As an indication of an aspect of this problem, there was a research study about why Catholics left the church recently. The researchers suggested new ways in which the church can approach Catholics who are dissatisfied. One of their key recommendations was for pastors, bishops and other church officials to respond to questioning or angry Catholics with constructive dialogue rather than a simple reiteration of church rules or policies. The same can be said of the Vatican. For example, see the following report from the paper about the way in which a cardinal from Austria handled a problem.

The paper reported about the actions of Cardinal Christoph Schonborn of Vienna Austria. Twenty six year-old Floridian Stangl was overwhelmingly elected to a parish council. However, Strangl was in a long term homosexual partnership. As a result, the pastor intervened and asked him to resign as well as to not receive the Eucharist. The Cardinal, learning about this said he asked himself the question, “What would Jesus do?” and  decided to invite him and his partner to lunch to discuss the situation. Afterwards he said that he was impressed by Stangl’s “faithful disposition, his humility and the way in which he lives his commitment to service.” After thinking about this and praying over it, he recommended that the archdiocese should rework the rules regarding Pastoral elections and their restrictions. He said "there are many parish counselors whose lifestyle does not fully conform to the ideals of the church. In view of the life witness that each of them gives taken as a whole, and their commitment to attempt to live a life of faith, the Church rejoices in their efforts." 

It's my belief that one can extend Christian charity without condoning actions one believes are immoral. Christ's mission was not to the righteous. It was to the sinners of the world. He encompassed everyone in his mission and excluded no one. Shouldn't the Church's mission be the same?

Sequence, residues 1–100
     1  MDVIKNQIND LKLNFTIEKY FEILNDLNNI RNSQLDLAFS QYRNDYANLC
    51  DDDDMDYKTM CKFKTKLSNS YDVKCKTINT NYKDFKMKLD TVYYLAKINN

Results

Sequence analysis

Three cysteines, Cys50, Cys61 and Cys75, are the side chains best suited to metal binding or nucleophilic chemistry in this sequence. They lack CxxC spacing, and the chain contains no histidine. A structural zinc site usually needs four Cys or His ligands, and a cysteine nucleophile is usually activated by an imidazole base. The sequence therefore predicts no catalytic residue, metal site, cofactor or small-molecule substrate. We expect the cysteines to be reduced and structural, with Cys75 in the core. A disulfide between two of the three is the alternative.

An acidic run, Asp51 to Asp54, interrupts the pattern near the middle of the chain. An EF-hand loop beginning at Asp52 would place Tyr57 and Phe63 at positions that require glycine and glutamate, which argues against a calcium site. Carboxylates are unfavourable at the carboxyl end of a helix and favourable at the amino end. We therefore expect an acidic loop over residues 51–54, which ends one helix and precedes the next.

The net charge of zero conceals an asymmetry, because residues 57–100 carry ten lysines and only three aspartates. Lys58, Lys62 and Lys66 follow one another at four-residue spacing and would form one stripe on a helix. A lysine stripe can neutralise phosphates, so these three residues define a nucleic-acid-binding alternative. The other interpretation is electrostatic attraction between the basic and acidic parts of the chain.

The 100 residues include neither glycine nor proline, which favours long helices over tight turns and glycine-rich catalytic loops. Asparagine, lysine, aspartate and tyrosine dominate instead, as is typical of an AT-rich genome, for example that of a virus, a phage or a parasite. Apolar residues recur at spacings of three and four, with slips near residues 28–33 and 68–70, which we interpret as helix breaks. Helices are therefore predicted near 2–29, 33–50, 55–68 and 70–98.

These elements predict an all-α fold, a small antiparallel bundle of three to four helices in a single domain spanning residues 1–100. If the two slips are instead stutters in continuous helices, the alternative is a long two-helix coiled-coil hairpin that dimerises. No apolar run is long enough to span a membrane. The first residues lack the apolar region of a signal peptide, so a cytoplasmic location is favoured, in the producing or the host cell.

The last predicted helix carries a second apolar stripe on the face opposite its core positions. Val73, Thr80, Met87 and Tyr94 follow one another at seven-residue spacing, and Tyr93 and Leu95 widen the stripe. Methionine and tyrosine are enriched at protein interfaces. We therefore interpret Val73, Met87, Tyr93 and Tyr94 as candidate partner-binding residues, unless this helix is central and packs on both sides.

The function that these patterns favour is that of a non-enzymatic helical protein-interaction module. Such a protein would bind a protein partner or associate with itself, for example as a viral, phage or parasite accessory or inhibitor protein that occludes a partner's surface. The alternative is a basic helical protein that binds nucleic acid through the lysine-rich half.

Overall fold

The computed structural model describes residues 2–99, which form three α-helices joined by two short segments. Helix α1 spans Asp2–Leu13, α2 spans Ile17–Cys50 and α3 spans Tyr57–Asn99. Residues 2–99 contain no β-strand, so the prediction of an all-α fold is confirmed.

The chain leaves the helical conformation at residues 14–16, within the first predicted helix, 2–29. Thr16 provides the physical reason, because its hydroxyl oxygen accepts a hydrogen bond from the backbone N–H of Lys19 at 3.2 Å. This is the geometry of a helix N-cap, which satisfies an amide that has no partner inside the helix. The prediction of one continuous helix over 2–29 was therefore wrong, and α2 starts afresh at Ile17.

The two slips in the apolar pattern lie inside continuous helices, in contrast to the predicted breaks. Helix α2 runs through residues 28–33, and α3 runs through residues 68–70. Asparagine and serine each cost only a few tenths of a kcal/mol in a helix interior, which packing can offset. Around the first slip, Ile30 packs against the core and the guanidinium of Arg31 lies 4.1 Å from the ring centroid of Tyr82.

In other news the paper reported that Anna Maria College, a small Catholic college in Massachusetts, rescinded its invitation to Vicki Kennedy, widow of the late Sen. Edward M Kennedy, to receive an honorary degree and be commencement speaker this May. They did so at the request of Bishop Robert McManus. The Bishop acted because of Kennedy's positions on pro-choice and the sanctity of marriage. Kennedy responded," I am a lifelong Catholic and my faith is very important to me. I am not a public official. I hold no public office nor am I a candidate for public office. I have not met Bishop McManus nor has he been willing to meet with me to discuss his objections. He has not consulted with my pastor to learn more about me or my faith, yet by objecting to my appearance at Anna Marie College he has made a judgment about my worthiness as a Catholic. This is a sad day for me and even sadder one for the church I love."

Why can't we listen to people of credibility even if we don't agree with their moral position. It can be done without it  appearing the college endorsed her views. We live in a pluralistic society and it's time Church officials recognized this is America, not some closed religious society.

So, that's my rant for the day which I'm sure will offend some, but isn't civil, rational discussion a constitutional privilege and the American way?